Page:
5 Questions with Phatho Zondi, SASMA President

Dr. Phathokuhle Zondi, outgoing President of the South African Sports Medicine Association

For one of this blog’s recurring ‘columns,’ I’m pleased to have as our guest today Phathokuhle Zondi, a sports medicine physician, the CEO of the Sports Science Institute of South Africa, and the current president of the South African Sports Medicine Association (SASMA).

I have known Phatho for two years now, and consider her a close friend as well as an esteemed colleague in the world of sports medicine.  I met her when, two years ago, I was able to attend the biennial convocation of SASMA, held in Johannesburg in 2015. She was at the time the president-elect of SASMA.  Fast forward two years, and she is completing her term, with a body of work that is culminating with the 2017 convocation.

I wanted to catch up with her on the eve of this conference to get ‘up to speed’ on the sports medicine (and sports) scene in South Africa.  In the midst of her busy life, Phatho graciously obliged.


1. CJSM: The South African Sports Medicine Association (SASMA) is having its biennial convocation this October in Cape Town. I was privileged to attend the 2015 meeting in Johannesburg.  What are some of the highlights of the upcoming 2017 meeting?

PZ: We’re thrilled about the Congress this year and are confident that we will continue to raise the bar as we do every year. Some highlights include:

  • Pre- Congress Workshops – physiotherapy, Exercise is Medicine and Fieldside Emergency Care.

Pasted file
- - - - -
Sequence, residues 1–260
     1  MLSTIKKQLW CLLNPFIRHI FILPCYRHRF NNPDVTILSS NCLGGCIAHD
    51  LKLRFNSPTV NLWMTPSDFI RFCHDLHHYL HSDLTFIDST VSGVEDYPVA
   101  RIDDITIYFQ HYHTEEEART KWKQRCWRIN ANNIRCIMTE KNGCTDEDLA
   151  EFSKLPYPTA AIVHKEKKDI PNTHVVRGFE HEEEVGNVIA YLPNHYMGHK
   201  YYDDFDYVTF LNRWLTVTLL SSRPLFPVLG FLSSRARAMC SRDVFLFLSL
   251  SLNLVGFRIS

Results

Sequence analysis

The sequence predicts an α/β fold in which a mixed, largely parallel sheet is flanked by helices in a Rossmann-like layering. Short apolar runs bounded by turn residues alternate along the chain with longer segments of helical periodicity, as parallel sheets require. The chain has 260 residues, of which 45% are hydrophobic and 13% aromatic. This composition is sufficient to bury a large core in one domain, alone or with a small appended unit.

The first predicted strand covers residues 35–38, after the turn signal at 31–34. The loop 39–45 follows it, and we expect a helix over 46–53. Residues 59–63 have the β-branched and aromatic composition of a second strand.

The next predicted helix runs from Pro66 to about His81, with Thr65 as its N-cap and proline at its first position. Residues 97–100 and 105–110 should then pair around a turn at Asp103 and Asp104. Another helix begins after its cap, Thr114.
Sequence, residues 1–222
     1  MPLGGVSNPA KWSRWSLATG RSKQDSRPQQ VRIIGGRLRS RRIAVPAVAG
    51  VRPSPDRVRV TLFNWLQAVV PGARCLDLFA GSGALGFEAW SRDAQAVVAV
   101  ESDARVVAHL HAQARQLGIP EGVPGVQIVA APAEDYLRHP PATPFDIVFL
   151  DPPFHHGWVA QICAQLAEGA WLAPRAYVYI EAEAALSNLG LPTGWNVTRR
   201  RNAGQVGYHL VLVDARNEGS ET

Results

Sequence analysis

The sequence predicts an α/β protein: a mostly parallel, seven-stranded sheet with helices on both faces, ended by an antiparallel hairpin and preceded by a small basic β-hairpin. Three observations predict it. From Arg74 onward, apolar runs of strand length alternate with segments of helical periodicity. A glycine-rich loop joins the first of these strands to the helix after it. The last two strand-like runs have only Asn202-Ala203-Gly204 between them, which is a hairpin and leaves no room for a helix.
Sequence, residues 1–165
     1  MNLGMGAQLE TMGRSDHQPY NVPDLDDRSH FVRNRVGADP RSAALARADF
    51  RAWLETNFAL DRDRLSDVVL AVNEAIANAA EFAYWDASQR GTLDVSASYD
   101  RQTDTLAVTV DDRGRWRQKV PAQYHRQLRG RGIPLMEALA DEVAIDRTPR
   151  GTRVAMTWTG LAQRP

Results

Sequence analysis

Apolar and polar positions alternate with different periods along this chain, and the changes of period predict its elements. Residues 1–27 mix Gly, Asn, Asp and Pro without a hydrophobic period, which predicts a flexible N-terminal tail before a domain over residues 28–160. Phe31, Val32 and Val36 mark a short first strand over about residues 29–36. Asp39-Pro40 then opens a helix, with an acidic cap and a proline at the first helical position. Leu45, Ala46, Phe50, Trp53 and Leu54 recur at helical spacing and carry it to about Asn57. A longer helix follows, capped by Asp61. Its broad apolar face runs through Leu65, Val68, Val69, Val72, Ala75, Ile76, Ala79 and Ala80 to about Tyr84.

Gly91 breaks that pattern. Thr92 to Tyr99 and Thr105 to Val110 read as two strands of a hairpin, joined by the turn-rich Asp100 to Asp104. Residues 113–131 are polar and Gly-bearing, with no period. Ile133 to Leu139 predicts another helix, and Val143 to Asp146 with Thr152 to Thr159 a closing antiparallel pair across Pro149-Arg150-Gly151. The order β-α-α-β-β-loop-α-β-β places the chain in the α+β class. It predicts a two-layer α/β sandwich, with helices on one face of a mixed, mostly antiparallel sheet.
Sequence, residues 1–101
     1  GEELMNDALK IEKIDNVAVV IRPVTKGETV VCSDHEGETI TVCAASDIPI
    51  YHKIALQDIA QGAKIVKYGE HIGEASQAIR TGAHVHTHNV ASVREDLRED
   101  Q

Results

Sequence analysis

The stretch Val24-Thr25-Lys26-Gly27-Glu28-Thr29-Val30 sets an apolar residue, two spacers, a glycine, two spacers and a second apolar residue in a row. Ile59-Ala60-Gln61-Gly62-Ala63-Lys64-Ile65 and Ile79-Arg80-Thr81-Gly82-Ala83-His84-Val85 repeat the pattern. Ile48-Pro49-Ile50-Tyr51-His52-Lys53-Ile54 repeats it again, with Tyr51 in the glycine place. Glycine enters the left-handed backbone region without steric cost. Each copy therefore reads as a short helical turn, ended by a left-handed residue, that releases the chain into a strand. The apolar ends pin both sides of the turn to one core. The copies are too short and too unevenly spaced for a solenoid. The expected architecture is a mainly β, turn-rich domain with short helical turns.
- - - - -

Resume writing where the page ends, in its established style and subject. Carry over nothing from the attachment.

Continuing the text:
• More than 15 confirmed International speakers
  • Clinical themes including
    • Paediatric Sports Medicine
    • Paralympic Medicine
    • The Female Athlete
    • Sports Specific Sessions
    • Load & Injury Management
  • Hands on Muskuloskeletal sonar course

2. CJSM: You have been the President of SASMA for the past two years, and your term is coming to an end in October. What have been some of the more memorable experiences you’ve enjoyed during your service?  What do you see as some of the challenges SASMA faces in the next two+ years?

Some major players on the S African sports medicine scene (L to R), Jon Patricios, Ross Tucker, Wayne Viljoen, Phatho Zondi

PZ: Getting to know and better understand the wider SEM community in South Africa has been particularly valuable in my journey – having deeper interactions at a Governance level with allied health professionals has improved my appreciation of the multidisciplinary team. A definite highlight has also been the various engagements I have had with students and rising stars in our field.   In the next few years, SASMA will need to formalize some of the structures within the organization in order to ensue that we continue support and meaningfully serve a growing membership.

3. CJSM: Recently you moved from Pretoria to Cape Town to become the CEO of the Sports Science Institute of South Africa (SSISA). This was quite a career change for you.  What’s a typical day in the life of a CEO? Read more of this post


September — the New Issue

Has summer already gone?

The colors that are starting to highlight the leaves. and the football seasons (both soccer and gridiron) that are at full throttle, are two signals that, indeed, fall is nearly here.

And while the actual equinox does not occur for another week, we have the September CJSM — just published — to help you ease your way through this seasonal transition.

We publish six times a year, and these bimonthly events are always exciting.  A publication represents months, even years, of planning. For authors who are at last seeing their studies in print, it is especially gratifying.  The studies have been published ‘on-line first’ and listed on PubMed for months; but it’s still a wonderful thing to find your work within the glossy covers of the journal.